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By Robert Burgin

It’s one of the best untold stories in International Rugby League – how a Gooreng Gooreng Australian Indigenous man helped sow the seeds for Brasil Rugby League 12 years ago.

Conrad Ingra was teaching English on behalf of the church when he moved to Anchieta in the Brazilian state of Espírito Santo, north of Rio de Janeiro, in 2009.

However, he soon found himself providing his students with an education about a much broader range of topics.
“It started out being about language, but it soon became more about culture,” Ingra recalled this week, just a few days shy of his 50th birthday.

“I spoke a lot about Indigenous culture and traditions. I taught them shake-a-leg, which a lot of cultures find hard to pick up, but the Brazilians, with their rhythm, got it straight away.

“Then I decided to teach them the basics of rugby league via touch football. We didn’t have a rugby league ball – you just couldn’t get them there – so we used a soccer ball and passed it instead.

“Although they wanted to kick the ball a lot, you could tell they were natural athletes. Some really big fellas, some skinny, fast ones.

“It was just a few sessions, but I guess that was the early days of rugby league there, yeah.”

Ingra, who also possesses Sea Islander heritage via Tanna Island, Vanuatu, has some gifted bloodline connections in rugby league.

Current Penrith Panthers talent J’maine Hopgood is a relative, as is former Queensland State of Origin player Les Kiss, former Dally M winner Ben Barba, and ex-NRL player Yileen Gordon.

The Coolwell family, famed in Queensland Rugby League circles, but renowned these days for being the family that helped mentor Greg Inglis, are also part of Ingra’s extended family.

“I helped out Vanuatu Rugby League a bit when it was starting out too, sending jerseys over, hosting people at my house,” Ingra explains.

“Previously, I was heavily into rugby league and the church, but over time my life has become more about dance, culture and traditional foods.

“I talked about going back to Brasil, but I started connecting with Brazilians who had arrived in Australia, showing them my country instead, taking them to traditional dance festivals…that sort of thing.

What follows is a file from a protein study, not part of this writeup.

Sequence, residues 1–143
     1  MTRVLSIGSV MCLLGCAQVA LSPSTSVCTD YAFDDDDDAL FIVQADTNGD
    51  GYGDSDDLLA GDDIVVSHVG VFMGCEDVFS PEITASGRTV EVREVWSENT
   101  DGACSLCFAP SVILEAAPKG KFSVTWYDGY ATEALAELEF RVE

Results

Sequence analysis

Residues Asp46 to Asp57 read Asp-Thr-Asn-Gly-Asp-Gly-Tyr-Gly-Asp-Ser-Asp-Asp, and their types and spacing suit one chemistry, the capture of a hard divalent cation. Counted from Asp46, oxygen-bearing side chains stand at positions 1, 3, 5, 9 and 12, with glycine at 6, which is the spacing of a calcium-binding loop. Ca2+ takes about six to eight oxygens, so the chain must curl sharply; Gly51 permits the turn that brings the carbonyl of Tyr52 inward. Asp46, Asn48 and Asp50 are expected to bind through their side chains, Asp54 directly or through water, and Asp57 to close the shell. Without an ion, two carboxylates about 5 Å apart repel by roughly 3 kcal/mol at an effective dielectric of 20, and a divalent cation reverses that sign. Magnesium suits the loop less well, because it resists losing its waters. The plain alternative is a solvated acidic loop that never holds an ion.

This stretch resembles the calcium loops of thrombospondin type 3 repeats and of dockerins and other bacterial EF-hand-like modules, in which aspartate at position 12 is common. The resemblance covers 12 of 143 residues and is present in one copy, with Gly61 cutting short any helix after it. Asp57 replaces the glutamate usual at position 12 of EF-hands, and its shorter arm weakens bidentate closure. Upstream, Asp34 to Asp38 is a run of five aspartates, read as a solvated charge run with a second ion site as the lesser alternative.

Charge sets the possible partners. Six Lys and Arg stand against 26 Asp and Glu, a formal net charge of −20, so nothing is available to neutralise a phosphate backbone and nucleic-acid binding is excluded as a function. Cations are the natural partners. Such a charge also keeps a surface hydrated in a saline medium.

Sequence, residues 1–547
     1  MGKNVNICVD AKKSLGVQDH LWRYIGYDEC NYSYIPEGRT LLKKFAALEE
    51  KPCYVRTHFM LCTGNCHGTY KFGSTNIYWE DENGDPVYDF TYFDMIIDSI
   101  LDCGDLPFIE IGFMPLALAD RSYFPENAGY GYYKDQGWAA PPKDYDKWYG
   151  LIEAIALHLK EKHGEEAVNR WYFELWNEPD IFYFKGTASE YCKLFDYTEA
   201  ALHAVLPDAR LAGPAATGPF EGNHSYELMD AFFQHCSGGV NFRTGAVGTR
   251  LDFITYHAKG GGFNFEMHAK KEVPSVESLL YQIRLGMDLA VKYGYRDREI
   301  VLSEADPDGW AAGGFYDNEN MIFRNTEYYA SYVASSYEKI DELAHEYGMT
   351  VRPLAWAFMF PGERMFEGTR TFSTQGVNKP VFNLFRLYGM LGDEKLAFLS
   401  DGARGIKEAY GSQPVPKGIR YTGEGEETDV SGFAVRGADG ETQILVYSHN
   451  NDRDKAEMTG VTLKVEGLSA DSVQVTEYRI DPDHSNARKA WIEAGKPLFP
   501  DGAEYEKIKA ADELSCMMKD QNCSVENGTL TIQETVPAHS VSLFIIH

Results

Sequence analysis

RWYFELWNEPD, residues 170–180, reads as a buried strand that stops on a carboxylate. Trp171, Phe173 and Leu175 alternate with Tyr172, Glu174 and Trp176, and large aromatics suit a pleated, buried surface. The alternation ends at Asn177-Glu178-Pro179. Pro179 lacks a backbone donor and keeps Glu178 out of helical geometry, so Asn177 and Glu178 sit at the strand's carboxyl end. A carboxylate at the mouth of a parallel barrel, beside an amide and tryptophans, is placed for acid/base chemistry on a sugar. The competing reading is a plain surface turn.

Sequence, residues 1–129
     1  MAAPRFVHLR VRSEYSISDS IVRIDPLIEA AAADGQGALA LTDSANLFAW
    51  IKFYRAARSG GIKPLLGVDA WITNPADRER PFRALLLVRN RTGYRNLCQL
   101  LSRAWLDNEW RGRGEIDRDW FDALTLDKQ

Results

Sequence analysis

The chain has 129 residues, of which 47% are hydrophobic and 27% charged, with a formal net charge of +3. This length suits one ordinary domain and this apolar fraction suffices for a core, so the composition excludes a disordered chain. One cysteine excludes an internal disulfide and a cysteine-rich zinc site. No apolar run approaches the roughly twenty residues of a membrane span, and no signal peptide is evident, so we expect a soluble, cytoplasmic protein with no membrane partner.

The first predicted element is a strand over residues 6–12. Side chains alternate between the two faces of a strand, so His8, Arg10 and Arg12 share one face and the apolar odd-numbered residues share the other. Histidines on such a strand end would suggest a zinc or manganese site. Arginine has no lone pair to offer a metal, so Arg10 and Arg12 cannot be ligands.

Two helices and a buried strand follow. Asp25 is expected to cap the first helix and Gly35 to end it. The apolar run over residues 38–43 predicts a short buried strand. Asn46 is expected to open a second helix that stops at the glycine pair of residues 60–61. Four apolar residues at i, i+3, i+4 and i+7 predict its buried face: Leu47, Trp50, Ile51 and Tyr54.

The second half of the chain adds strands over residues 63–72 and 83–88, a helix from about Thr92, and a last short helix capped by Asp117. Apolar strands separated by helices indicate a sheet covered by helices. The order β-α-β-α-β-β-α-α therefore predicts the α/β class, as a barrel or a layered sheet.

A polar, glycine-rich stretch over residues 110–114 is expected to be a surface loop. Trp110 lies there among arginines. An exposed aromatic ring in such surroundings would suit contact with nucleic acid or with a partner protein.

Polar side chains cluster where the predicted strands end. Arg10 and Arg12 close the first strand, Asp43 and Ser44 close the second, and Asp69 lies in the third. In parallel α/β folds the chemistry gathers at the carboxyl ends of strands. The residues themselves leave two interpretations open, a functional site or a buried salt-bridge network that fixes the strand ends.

“At the end of the day, it’s all about bringing together cultures and people, whether that’s through sport, dance or food.”

Ingra, who still maintains a conversational level of Portuguese despite a dozen years away from Brasil, runs a group called ‘Murrileiros’.

The word ‘Murrileiros’ is a conjugation between Murris (a modern term for Indigenous Australians from Queensland and north-western New South Wales) and Brasileiros (the native term for a group of Brazilians).

Indeed, he is only recently back from taking “a few carloads” of Brasileiros up to experience the Daintree Rainforest, and to connect with Indigenous culture in Mossman, Kuranda and Yarrabah.

Ingra’s 50th birthday this weekend will be held on Gooreng Gooreng country near Agnes Water, and will involve Australian Indigenous, Brazilian, ni-Vanuatu and PNG food and music.

“It’s funny, the kids I taught back in Brasil in 2009 are now mostly in their 20s and have children of their own,” Ingra laughed.

“I kept in touch with quite a few. One asked me to send him a helicopter – he meant a drone – and another wanted me to bring him a surfboard. Haha.

“Generally though, the thing with Brasileiros is they are so thankful for whatever they receive. They are appreciative people.

“I am pretty surprised with how much rugby league has grown in Brasil and especially seeing the women play in the next World Cup. I’m always promoting it to my Brazilian friends.

“They’ve got a natural talent for most things they try their hand at.”

To support Brasil, the first team from South America to qualify for a Rugby League World Cup, you can purchase official merchandise by clicking this link.